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Old 03-13-2014, 08:09 PM   #15
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KIX

Good explanation and it makes sense to me.

This would imply it is NOT ILLEGAL to drive with imbedded DOT approved propane tanks open vs the "Cylinder" definition you described. At least this is my take on this issue.

However it is clear that many tunnels say "No Propane tanks" period, this is a different issue and would imply to me that propane powered vehicles cannot drive in the posted tunnels either.

There is a push by some environmentalists to increase the number of propane powered vehicles that leave a smaller carbon footprint. Not certain how that is going with all the electric cars coming out. Perhaps we might see a propane, natural gas or even hydrogen/electric hybrid car sometime,

So I think the OPs question is answered, many, if not most of us travel in a MH with the propane on and it is legal to do unless there are specific places that specify otherwise, such as on ferries.

At least this is my interpretation and understanding but I have been wrong before and if I see some statute that contradicts this I am willing to revisit my position.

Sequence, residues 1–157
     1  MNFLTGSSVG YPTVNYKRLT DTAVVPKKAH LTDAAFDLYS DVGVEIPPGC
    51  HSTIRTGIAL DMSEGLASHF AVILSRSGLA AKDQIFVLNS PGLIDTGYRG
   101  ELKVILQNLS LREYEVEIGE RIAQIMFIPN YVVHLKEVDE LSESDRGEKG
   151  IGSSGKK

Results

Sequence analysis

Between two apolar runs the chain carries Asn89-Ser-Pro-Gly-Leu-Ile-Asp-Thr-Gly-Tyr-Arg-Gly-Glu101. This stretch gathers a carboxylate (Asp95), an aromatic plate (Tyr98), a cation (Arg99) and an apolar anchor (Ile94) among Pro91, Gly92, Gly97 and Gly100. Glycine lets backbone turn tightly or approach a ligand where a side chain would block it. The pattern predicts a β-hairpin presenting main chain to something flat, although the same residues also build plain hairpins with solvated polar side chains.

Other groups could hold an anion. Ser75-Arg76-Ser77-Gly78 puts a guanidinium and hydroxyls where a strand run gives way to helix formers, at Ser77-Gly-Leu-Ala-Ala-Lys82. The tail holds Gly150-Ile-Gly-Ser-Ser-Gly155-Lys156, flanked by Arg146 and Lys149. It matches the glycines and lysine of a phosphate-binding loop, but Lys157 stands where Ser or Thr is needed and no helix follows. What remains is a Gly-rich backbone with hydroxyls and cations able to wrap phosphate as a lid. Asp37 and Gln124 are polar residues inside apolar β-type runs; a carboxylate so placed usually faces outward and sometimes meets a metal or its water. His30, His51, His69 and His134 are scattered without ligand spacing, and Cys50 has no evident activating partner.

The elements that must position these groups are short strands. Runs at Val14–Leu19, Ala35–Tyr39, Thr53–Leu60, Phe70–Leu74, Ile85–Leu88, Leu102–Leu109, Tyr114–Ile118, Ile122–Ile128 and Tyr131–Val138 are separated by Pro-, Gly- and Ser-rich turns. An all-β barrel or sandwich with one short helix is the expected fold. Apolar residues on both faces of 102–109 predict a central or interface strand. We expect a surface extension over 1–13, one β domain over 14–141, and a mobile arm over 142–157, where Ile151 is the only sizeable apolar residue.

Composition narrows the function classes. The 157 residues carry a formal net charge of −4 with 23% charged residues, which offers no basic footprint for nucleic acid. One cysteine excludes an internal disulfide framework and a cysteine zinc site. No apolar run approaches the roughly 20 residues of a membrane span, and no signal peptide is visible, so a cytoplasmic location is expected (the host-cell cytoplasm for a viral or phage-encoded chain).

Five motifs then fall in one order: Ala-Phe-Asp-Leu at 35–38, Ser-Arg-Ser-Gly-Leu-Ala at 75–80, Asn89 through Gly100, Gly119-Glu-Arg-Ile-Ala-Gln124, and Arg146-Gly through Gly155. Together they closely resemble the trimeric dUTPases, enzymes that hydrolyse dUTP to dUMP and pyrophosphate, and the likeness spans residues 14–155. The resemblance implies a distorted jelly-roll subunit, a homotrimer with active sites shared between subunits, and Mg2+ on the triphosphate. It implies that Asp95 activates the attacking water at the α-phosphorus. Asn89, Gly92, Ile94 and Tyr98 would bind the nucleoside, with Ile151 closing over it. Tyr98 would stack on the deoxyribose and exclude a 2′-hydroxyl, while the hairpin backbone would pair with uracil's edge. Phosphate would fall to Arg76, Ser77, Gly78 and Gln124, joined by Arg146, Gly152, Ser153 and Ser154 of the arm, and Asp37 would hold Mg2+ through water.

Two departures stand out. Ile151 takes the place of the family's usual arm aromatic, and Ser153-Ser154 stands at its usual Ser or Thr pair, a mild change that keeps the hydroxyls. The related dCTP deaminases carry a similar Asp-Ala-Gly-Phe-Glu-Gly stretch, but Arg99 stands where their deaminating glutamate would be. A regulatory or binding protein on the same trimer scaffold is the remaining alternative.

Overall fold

Good discussion
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Old 03-13-2014, 08:19 PM   #16
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Libero, I think you got it. I agree....a good discussion
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Old 03-13-2014, 08:25 PM   #17
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Pennsylvania limits the size of of propane tanks that can be taken through tunnels to 119 gallons or less. My tank is 14 gallons.
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Old 03-13-2014, 08:33 PM   #18
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Propane tanks on TTs

So its been established that permanently mounted propane tanks are ok. But my TT has the 2 30# cylinders on the front. These are not ok?
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Old 03-13-2014, 08:36 PM   #19
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Pennsylvania limits the size of of propane tanks that can be taken through tunnels to 119 gallons or less. My tank is 14 gallons.
Good to know, I have not seen an RV with a propane tank > 100 Gal. I have been through the PA Tpk tunnels many times during the past 50+ years with an RV and don't recall any signs, but perhaps I did not see them or just can't remember.